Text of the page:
Worldwide Love

Lest you think that it’s only those wacky San Franciscans and homosexuals who were feeling the joy at City Hall today, I think I better pass on a few stories of the day.

Couples came from all over the United States. Most of the approximately 175 (the news reported 133 weddings but I think that wasn’t a final count given who gave me the 175 number) people who were wed today had been waiting since 6am or before. The remainder of the line at 4pm were given appointments for their weddings so they won’t have to keep coming every day and hoping to be one of the lucky pairs. Despite long hours of travel, getting up in the wee hours, braving annoying small-minded homophobic idiots (who were noisy though heavily out-numbered) and waiting for 10 hours in narrow claustrophobia-inducing hallways in the basement (where the line was moved to spare them from harrassment), spirits were high, smiles were everywhere and most people were making friends with everyone in line around them.

Some couples were there on their own, some had children and parents with them. I think I even saw some grandparents there for their grandchildren’s wedding. And definitely some grandparents finally getting the chance to wed. There was support everywhere along the line; people helping each other out all day long. There were great volunteers, gay and straight. A woman who’d been wed on Saturday and came back to help. A straight man who said that if the weddings were continuing over the weekend, he’d be there to help if needed. A few people who just wandered in to see what it was all about and ended up helping. All day there was a constant stream of people who came to show support with little gifts for the couples: desserts, chocolates, children’s books, and flowers flowers flowers.

Those who couldn’t be there in person to show support ordered deliveries. The bouquets kept coming and every couple had beautiful flowers to hold during their ceremonies. Some bouquets saw service in multiple weddings as those newlyweds passed on their good wishes to others in line. What was most wonderful were the cards that came with the bouquets; blessings on the new marriages from all around the country. One man I spoke with grinned broadly as he showed me the lovely flowers he received from Houston, Texas.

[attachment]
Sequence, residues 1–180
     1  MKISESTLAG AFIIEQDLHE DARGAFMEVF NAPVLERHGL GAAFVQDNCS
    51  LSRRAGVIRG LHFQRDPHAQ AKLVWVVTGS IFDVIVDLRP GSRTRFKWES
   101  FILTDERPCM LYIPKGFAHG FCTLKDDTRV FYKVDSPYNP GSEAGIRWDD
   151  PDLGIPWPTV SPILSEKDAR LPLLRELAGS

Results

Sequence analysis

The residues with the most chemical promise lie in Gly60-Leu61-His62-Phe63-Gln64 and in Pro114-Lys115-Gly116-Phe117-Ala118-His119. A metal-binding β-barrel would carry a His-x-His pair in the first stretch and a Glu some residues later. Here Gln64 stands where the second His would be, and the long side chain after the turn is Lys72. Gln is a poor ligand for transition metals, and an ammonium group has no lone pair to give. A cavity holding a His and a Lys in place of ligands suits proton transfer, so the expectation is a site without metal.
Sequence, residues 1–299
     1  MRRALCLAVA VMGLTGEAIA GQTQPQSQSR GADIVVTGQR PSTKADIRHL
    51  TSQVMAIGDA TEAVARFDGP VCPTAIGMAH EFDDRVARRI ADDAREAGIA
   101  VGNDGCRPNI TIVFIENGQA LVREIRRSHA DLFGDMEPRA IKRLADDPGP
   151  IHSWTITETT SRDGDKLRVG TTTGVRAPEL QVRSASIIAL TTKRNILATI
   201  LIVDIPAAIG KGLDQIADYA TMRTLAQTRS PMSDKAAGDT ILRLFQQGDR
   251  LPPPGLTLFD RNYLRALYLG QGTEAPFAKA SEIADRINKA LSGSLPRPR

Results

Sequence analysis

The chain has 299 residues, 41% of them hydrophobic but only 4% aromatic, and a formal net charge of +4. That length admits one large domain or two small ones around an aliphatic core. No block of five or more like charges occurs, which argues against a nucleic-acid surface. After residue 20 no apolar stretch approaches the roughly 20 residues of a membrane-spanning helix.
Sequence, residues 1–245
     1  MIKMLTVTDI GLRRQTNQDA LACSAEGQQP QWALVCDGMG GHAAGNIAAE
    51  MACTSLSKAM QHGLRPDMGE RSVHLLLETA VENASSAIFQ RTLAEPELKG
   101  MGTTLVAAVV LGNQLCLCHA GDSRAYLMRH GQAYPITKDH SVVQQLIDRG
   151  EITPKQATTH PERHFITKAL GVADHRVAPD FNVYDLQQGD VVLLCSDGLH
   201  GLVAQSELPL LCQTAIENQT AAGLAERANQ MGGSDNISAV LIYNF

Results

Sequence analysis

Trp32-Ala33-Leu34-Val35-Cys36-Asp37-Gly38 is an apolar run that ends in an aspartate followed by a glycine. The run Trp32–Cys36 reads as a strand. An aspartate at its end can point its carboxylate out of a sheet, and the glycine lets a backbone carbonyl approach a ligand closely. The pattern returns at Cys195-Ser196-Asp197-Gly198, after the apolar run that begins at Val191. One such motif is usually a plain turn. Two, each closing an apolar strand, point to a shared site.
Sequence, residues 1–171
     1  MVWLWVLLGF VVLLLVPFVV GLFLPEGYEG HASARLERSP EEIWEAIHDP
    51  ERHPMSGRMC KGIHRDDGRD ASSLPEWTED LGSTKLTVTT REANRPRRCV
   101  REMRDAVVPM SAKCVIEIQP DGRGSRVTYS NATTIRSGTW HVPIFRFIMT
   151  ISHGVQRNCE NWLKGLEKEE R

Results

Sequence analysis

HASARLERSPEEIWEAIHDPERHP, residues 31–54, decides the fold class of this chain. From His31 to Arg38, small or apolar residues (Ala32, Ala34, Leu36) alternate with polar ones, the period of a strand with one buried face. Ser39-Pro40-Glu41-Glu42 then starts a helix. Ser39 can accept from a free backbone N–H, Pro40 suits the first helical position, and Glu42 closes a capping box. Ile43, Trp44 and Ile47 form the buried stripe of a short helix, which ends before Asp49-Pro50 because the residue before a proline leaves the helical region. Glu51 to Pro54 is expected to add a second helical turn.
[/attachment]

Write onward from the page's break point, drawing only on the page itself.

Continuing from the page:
The very best story, though, is this. When I was helping watch people’s coats & bags during their ceremonies, I was right at the area where they wait for an officiant to marry them and that’s where we had the bouquets waiting for those who needed them. A delivery man arrived with a 3 foot long gold box. Long stem red roses for delivery to “Random Couple”. I signed for the delivery (I think channel 2 filmed it, actually) and pledged to the other folks volunteering in that area that we’d give them to the next couple who’d travelled a long way to be there and needed a bouquet. Well, just a few minutes later, two women around my age or a bit older came around the corner with their license, ready to be married. They had driven up from Santa Barbara and had no witness, no fancy wedding clothes and one of them was holding a few loose roses which someone had given her in line. I handed them the big gold box and they opened the card to discover that the lovely flowers were a gift from someone in Alaska. They were married on the steps in the rotunda of that wonderful building. I don’t remember if theirs was one of the weddings my friend Kevin Smokler witnessed, but we all applauded them and gave them hugs when they came back for their coats.

About that time we finally asked a young guy who’d been hanging around watching and smiling bigger and bigger with every couple who came through if he wanted to help volunteer. He said he would and we found out his name was Amir and he was visiting from Israel! After a little while who showed up to volunteer but the couple from Santa Barbara and while one of them served as a witness for another couple’s ceremony, her wife, Kevin and Amir went out and bought water and cups and started serving everyone in the long, long line.

Everywhere smiles, everywhere love, everywhere kindness. This is a beautiful revolution. Join it. Ask your mayor to follow San Francisco’s lead. This harms no one and makes the world a better, gentler, sweeter place.